Throughout high school and college I was always early.  For everything.  I was never tardy to school, never late to class.  I left 10 minutes earlier than I needed to before going anywhere.  At the end of freshman year of college our dorm floor voted on superlatives and I got "Most likely to be early".  And it was true.  I was perpetually early.

And then something happened.  Now, I am rarely early.  On time is pushing it occasionally.  I maybe get too excited when we aren't the last of my sisters to make it to my parents, more excited than I should be about beating sisters with more kids and farther to drive.  That isn't much of an accomplishment.

I've read things about how people who are always late are inconsiderate, etc. but I never thought that was the case for me.  I do care about other people and, as big as I am on time management, I don't want to waste others' time either.

Then I heard (from Laura Vanderkam? Or Gretchen Rubin?)  that the reason a lot of people are late is because they underestimate time.

The time it'll take to fit in one more task.

The time it'll take to drive.

The time it will take to get your kid to potty, put on shoes and a coat.


I'm frequently guilty of trying to do one more thing before leaving the house: unpacking the dishwasher, quick clutter clean-up, dusting my whole downstairs.

I frequently plan on the drive being optimal - that one time we made the usual 15 minute drive in 10.

I frequently underestimate how long it actually takes me to shower (shaving and hair washing really changes things!) and get ready.

And I'm VERY often rushing Luke through the potty/shoes/coat routine.  Then think I can get the dishes put away while he is (supposedly) putting on his shoes and then he sees me doing something else and thinks he has time to disappear and play and then I have to chase him down again and help with shoes because all of a sudden he's forgotten how to put them on.

Lesson: You don't have an extra 5 minutes to clean the house.  EVERYTHING will take longer than I expect: driving, showering, cleaning.  Take that "extra" 5 minutes and get out the door a little quicker.

Maybe I'll start being early to things!

(That might be pushing steps...I'll settle for "not late".)

Tuesday, October 17, 2017

Book Love: Reading People & The Four Tendencies

I've been listening to podcasts for awhile now and the hosts of two of my favorites, What Should I Read Next? and Happier with Gretchen Rubin, both had personality books come out last month.  I like the (occasional) random "What kind of cheese?" are you quiz as much as the next person (assuming that next person doesn't like them a whole lot) but I've never put much time or effort into "typing" myself.  I don't know my Myers-Briggs letters, I had no idea what an Enneagram was, it's not something I had much of an interest in.

BUT...then after months of hearing about their books I was slowly worn down and reserved both at my library.  I picked them up the same day and read them almost back to back, so now I have all sorts of thoughts on the whole personality typing thing.  And definitely want to figure out some of my types.  And my husband's.  And my kid.  Would it be pushing it to get everyone I know to type themselves?  (I was pushing it at getting Matt...I know beyond that it's a lost cause.)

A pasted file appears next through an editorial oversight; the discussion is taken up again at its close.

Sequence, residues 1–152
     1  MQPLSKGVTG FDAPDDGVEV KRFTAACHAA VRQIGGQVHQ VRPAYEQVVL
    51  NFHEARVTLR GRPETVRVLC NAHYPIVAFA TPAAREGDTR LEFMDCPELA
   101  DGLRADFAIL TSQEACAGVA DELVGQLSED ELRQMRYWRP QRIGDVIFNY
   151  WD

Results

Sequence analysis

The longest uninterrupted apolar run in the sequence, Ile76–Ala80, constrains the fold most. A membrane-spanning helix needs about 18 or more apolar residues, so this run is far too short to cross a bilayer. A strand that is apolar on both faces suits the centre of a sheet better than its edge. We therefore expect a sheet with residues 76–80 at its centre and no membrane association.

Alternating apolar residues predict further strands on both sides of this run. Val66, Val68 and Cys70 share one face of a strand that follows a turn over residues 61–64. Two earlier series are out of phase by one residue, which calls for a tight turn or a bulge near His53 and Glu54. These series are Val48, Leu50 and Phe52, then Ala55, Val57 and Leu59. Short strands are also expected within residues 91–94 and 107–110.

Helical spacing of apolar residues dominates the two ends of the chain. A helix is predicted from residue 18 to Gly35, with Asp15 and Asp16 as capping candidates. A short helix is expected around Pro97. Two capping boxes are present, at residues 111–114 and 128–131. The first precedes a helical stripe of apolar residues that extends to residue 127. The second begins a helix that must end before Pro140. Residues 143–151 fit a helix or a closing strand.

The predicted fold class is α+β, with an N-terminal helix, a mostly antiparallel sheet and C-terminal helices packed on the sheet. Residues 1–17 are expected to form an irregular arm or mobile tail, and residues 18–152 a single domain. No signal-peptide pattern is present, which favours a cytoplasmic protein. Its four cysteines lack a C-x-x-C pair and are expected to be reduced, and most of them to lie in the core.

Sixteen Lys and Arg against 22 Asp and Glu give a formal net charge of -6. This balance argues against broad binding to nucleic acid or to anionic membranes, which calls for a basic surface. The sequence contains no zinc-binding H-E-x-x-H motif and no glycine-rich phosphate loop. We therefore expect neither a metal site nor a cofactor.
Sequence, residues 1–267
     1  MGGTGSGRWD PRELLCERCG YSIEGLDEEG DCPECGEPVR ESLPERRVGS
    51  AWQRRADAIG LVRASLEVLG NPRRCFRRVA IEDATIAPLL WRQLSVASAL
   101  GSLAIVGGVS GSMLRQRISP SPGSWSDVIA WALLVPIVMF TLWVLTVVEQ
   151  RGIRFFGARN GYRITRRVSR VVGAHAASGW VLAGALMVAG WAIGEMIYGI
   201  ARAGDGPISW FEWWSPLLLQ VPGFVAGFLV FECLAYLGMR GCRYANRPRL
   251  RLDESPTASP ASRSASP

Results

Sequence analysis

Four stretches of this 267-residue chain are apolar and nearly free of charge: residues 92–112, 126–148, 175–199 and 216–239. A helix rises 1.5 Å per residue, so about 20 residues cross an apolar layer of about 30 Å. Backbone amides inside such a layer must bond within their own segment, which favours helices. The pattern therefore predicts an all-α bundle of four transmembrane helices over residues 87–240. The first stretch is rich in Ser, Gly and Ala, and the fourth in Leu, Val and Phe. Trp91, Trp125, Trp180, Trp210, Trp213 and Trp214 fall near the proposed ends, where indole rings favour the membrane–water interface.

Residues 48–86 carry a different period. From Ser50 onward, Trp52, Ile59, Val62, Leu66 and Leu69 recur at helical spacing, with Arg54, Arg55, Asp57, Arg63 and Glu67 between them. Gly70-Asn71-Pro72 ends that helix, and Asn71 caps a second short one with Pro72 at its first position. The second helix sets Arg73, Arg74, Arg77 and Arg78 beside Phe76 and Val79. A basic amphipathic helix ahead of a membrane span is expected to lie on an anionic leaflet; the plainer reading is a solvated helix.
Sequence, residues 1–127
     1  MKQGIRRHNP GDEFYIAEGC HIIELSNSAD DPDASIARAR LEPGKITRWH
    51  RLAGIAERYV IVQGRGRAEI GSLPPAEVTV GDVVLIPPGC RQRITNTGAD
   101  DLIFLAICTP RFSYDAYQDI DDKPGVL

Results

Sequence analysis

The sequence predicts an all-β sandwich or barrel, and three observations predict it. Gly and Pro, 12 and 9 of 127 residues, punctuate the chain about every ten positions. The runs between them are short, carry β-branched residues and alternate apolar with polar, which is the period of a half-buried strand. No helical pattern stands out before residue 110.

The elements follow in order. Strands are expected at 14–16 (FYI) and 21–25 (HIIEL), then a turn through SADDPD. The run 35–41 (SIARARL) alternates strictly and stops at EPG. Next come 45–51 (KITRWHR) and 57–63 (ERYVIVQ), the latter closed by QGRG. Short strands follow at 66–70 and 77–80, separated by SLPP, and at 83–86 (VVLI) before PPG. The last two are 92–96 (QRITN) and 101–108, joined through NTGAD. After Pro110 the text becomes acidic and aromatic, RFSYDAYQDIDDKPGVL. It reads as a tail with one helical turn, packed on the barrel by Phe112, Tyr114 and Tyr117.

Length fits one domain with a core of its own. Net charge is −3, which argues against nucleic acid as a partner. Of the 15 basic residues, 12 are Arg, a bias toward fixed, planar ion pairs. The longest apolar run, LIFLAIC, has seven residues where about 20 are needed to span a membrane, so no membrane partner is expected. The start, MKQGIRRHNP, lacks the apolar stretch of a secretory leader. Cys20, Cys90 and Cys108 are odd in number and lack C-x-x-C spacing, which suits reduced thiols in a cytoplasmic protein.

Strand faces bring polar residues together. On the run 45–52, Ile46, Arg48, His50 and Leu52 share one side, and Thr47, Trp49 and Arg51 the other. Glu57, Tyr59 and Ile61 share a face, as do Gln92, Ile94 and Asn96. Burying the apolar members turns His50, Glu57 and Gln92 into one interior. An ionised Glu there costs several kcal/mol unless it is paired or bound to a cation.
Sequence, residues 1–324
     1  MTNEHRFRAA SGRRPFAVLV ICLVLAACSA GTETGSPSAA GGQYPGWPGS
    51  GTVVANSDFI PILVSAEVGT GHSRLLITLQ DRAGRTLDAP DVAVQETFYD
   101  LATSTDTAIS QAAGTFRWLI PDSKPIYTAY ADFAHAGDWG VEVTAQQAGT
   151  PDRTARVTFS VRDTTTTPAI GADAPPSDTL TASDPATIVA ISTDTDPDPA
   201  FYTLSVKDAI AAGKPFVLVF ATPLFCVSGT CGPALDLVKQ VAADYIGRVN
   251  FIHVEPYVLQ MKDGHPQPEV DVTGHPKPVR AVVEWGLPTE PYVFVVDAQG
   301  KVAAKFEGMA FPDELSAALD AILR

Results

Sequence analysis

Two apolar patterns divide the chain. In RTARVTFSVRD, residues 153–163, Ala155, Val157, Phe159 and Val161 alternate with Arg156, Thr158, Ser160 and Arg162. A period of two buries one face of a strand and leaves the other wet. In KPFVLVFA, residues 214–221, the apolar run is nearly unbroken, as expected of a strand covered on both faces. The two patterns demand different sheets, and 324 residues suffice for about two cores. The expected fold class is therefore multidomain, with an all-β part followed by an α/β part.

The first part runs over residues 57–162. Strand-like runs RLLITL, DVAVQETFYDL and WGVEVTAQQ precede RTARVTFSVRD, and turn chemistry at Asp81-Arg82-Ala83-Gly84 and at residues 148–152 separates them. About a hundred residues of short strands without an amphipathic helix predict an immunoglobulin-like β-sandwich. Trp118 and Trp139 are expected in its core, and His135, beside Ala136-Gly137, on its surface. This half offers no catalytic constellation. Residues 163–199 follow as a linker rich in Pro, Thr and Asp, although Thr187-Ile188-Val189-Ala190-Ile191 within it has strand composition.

Reading People: How Seeing the World Through the Lens of Personality Changes Everything by Anne Bogel
I'm a big fan of Anne's podcast and blog, Modern Mrs. Darcy (where I link up my Quick Lits each month).  She usually has some interesting and helpful insights, beyond providing plenty of book recommendations.  Reading People is like a primer into nine different personality types, adding some of her real life examples to their benefits.

I figured out I'm probably a highly sensitive person, introvert that might be an ISFJ, Guardian, with the cognitive functions SiFeTiNe.

That might sound like a lot of gibberish (and I had to do a lot of book referencing and flipping to get all those right).  And that's only typing myself on five of the nine systems in the book.

I didn't take any of the type quizzes before reading (and as of writing this I still haven't) but reading through some of the descriptions made my type pretty obvious.  For instant, Guardians are described in part as: 
They are creatures of habit who love their routines. ..... They love facts and are good at remembering details: names, birthdays, anniversaries, social events
Ummm...yes.  My mental birthday calendar numbers over 100 people and I LOVE routine.  (And a spreadsheet but that wasn't mentioned.)

It was reassuring to find that some of the things that I may have found odd about myself aren't really that odd, just maybe different than some/most people I know (although, I'd argue that most accountants can appreciate a good spreadsheet).

So what good is figuring out all my types besides feeling a little less alone in my nature?  It helped me appreciate some of why I am the way that I am.  It helped me see some potential strengths, weaknesses and how to maximize the first and work on the second.  And it gave me insight into some of these other types.  Even if I can't get anyone else I know to type themselves, it gave me a better understanding for how different we all are as humans.  Matt might know 5 dates outside of his own birthday but he certainly keeps me a little more spontaneous and less tied down to my beloved routines.

It would be pretty boring if we were all the same, or even if everyone in our house was the same.  I can definitely see a benefit to exploring some of these further but Reading People was a fantastic starting point.

And while Reading People was an overview of 9 different types,  The Four Tendencies: The Indispensable Personality Profiles That Reveal How to Make Your Life Better (and Other People's Lives Better, Too) by Gretchen Rubin was an in-depth look at her one type.  She developed her system when writing Better than Before (all about habits, which I have read and enjoyed) and expanded upon it in this book.